- The Washington Times - Tuesday, March 26, 2002

A top House Republican visited Connecticut yesterday to promote a faith-based initiative that is broader than a bill introduced by the state's junior senator, Democrat Joseph I. Lieberman.
"The armies of compassion are waiting for the Senate to follow the House's lead and pass a solid faith-based bill," Rep. J.C. Watts Jr. of Oklahoma said during the last day of a four-day, four-state tour to stump for Republican candidates.
Mr. Watts, chairman of the House Republican Conference, held a round-table discussion and news conference yesterday to discuss the House-passed bill, which contained much of the president's faith-based initiative and a provision allowing religious organizations to compete for more government grants.
Mr. Watts, who was in Connecticut to support Republican Rep. Rob Simmons, wants the Senate to act on its bill and send it to House-Senate conference.
"We're still very hopeful that the Senate moves their bill and we can come to a conference meeting and reach a compromise," said Kevin Schweers, his spokesman.
Lieberman spokesman Dan Gerstein said a conference with the House would "reopen old wounds" and "inject some political controversy back into the debate," perhaps preventing anything from becoming law.
The Senate bill, introduced by Mr. Lieberman and Sen. Rick Santorum, Pennsylvania Republican, takes many noncontroversial ideas from the House-passed bill meant to boost private and public support for charities.
But it does not include the "charitable choice" provision that would allow religious organizations to compete for an wider range of government grants.
Mr. Gerstein said supporters of the Senate bill want to avoid a conference, set aside the House-passed bill, and instead have the House simply pass the Senate bill after the Senate acts on it.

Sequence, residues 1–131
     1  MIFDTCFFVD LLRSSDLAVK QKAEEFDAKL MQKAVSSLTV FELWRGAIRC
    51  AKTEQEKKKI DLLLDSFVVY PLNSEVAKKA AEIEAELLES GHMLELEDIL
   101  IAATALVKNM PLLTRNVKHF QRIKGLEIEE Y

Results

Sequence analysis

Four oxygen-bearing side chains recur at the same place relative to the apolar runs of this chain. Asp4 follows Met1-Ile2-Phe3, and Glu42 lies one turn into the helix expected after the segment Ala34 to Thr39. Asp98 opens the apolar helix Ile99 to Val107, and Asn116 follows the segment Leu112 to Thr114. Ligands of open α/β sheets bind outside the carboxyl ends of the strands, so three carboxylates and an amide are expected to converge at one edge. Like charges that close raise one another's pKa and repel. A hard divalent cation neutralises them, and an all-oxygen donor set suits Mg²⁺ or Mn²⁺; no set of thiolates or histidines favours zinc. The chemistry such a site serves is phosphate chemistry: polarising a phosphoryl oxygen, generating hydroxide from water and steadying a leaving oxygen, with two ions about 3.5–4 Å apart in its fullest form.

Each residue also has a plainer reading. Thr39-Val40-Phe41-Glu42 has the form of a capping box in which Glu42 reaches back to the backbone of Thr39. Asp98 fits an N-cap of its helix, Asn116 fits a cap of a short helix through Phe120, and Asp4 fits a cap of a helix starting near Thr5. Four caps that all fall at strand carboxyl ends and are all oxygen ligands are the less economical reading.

"At this point, we feel the Senate bill is the viable vehicle," he said.
Mr. Gerstein said the Senate Finance Committee is preparing to move the bill and that "we're optimistic it's going to move soon. Things appear to be very much on track."
Chris Myers, an aide to Mr. Santorum, said the bill could make it through both the committee and the Senate floor before Memorial Day recess.
He said Mr. Santorum supports both versions of the bill but is "focused on what we have to do, which is pass the Senate bill." Mr. Myers would not speculate on what would happen after that but noted that lawmakers have fewer days to pass legislation in an election year.
White House spokesman Anne Womack also approved of both bills.
Mr. Schweers pointed out that "charitable choice" is already part of federal laws, including the 1996 Welfare Reform Act.
The Lieberman-Santorum bill, among other things, would offer a series of tax incentives to encourage charitable giving including a charitable tax deduction of as much as $400 for individuals and $800 for couples, who do not itemize on their tax returns. It also would create a federal fund to provide technical assistance to small faith-based and community groups.

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